Elon Musk's Neuralink received U.S. Food and Drug Administration (FDA) clearance for its first-in-human clinical trial, a critical milestone for the brain-implant startup as it faces U.S. probes over its handling of animal experiments.
The FDA approval "represents an important first step that will one day allow our technology to help many people," Neuralink said in a tweet on Thursday, without disclosing details of the planned study. It added it is not recruiting for the trial yet and said more details would be available soon.
The FDA acknowledged in a statement that the agency cleared Neuralink to use its brain implant and surgical robot for trials on patients but declined to provide more details.
Neuralink and Musk did not respond to Reuters requests for comment.
The critical milestone comes as Neuralink faces federal scrutiny following Reuters reports about the company's animal experiments.
Neuralink employees told Reuters last year that the company was rushing and botching surgeries on monkeys, pigs and sheep, resulting in more animal deaths than necessary, as Musk pressured staff to receive FDA approval. The animal experiments produced data intended to support the company's application for human trials, the sources said.
In one instance in 2021, the company implanted 25 out of 60 pigs with the wrong-sized devices. All the pigs were subsequently killed - an error that employees said could have been easily avoided with more preparation.
In May, U.S. lawmakers urged regulators to investigate whether the makeup of a panel overseeing animal testing at Neuralink contributed to botched and rushed experiments after Reuters reported on potential financial conflicts on the panel.
The Department of Transportation is separately probing whether Neuralink illegally transported dangerous pathogens on chips removed from monkey brains without proper containment measures.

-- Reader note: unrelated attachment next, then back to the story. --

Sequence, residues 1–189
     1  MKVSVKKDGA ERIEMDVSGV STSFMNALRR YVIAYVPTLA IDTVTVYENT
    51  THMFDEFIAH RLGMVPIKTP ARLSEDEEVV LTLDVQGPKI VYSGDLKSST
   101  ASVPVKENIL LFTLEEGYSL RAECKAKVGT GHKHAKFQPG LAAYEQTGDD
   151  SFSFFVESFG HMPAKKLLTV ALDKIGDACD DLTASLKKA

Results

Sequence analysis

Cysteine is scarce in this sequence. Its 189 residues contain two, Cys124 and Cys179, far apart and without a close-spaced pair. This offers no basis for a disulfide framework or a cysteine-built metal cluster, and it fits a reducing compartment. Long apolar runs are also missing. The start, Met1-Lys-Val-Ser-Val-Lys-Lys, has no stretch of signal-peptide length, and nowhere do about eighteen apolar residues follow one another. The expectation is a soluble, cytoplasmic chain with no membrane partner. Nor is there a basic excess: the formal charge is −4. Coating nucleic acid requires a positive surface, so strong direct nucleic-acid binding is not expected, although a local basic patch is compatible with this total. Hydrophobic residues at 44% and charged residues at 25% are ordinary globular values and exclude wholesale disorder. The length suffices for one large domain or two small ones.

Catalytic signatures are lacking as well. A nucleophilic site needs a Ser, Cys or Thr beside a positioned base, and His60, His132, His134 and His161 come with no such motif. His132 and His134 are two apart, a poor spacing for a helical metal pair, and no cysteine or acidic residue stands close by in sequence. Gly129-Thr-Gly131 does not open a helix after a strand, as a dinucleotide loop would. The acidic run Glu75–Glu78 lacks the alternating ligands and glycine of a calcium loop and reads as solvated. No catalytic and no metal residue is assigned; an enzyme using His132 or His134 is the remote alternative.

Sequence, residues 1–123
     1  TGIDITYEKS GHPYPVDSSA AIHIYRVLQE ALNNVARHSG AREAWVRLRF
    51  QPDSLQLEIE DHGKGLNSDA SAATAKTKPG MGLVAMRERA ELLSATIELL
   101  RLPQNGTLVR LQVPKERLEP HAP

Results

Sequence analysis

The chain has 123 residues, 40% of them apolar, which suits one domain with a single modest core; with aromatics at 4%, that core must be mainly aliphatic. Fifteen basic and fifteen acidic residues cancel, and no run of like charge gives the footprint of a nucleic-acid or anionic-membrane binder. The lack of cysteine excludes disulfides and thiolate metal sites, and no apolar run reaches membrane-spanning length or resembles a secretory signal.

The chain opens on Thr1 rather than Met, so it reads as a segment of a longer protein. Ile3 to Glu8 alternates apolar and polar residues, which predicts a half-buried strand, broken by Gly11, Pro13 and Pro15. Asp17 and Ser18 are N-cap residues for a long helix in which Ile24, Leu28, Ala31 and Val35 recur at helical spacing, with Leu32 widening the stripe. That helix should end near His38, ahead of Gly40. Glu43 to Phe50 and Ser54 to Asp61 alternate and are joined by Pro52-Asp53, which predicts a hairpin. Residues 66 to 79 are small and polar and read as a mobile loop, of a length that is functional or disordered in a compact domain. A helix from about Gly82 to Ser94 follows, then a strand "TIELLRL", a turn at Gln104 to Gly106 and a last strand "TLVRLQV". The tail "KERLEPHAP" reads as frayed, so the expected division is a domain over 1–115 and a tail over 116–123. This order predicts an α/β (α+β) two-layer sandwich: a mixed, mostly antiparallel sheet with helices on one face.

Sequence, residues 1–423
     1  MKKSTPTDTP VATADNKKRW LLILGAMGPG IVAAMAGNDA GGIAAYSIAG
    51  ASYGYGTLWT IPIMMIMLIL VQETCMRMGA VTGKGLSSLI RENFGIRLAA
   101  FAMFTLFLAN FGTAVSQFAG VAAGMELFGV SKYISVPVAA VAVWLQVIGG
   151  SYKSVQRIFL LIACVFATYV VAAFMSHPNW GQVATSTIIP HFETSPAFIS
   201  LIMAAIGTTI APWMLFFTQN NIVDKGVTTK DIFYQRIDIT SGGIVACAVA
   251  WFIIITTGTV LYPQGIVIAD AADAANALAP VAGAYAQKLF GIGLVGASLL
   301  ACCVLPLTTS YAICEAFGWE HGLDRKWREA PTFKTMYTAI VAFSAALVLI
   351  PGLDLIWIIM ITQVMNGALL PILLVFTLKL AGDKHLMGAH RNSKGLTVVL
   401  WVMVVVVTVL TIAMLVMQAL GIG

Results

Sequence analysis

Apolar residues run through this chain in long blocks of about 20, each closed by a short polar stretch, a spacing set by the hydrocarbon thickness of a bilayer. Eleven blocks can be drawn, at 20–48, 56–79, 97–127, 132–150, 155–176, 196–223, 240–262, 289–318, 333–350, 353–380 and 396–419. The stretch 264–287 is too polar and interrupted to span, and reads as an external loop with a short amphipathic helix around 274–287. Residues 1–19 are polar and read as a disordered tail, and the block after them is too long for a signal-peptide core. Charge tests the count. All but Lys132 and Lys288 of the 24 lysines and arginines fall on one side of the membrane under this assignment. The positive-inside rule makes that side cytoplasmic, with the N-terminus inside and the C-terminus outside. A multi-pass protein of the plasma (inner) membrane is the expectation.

Neuralink is also under investigation by the U.S. Department of Agriculture's Office of Inspector General for potential animal-welfare violations. This probe has been looking at the USDA's oversight of Neuralink.
The probe was launched amid growing employee concern that the company is rushing experiments, causing additional suffering and deaths of pigs, sheep and monkeys.
Neither Musk nor Neuralink ever responded to multiple requests for comment on the Reuters reports.
As of several weeks ago, the FDA had not inspected Neuralink over its laboratory practices, according to FDA records and a Neuralink employee.
Victor Krauthamer, an adjunct biomedical engineering professor who spent three decades at the FDA, including a stint overseeing the office that reviews human-trial requests for brain implants, said the FDA does not typically inspect facilities as part of their review of applications for clinical trials. But he added this would have been warranted in this case, given the concerns around Neuralink's animal experiments.
"If the animal testing is unreliable, then (human trial) approval may be based on flawed animal safety data. The FDA should have verified their trust of animal study results," Krauthamer said.
Neuralink had hoped to receive approval to implant its device in 10 patients, Reuters has reported. But more recently, the company was negotiating a lower number of patients with the agency after it raised safety concerns, current and former employees said. It is not known how many patients the FDA ultimately approved.
Musk envisions brain implants could cure a range of conditions including obesity, autism, depression and schizophrenia as well as enabling Web browsing and telepathy. He made headlines late last year when he said he was so confident in the devices' safety that he would be willing to implant them in his children.
On at least four occasions since 2019, Musk predicted Neuralink would begin human trials. But the company sought FDA approval only in early 2022, and the agency rejected the application, Reuters reported in March.
The FDA had pointed out several safety concerns to Neuralink that needed to be addressed before sanctioning human trials, Reuters reported. Some of the issues involved the lithium battery of the device, the possibility of the implant's wires migrating within the brain, and the challenge of safely extracting the device without damaging brain tissue.
(Reporting by Rachael Levy and Marisa Taylor in Washington and Akriti Sharma in Bengaluru Additional reporting by Greg Roumeliotis in New York Editing by Lincoln Feast, Edwina Gibbs and Matthew Lewis)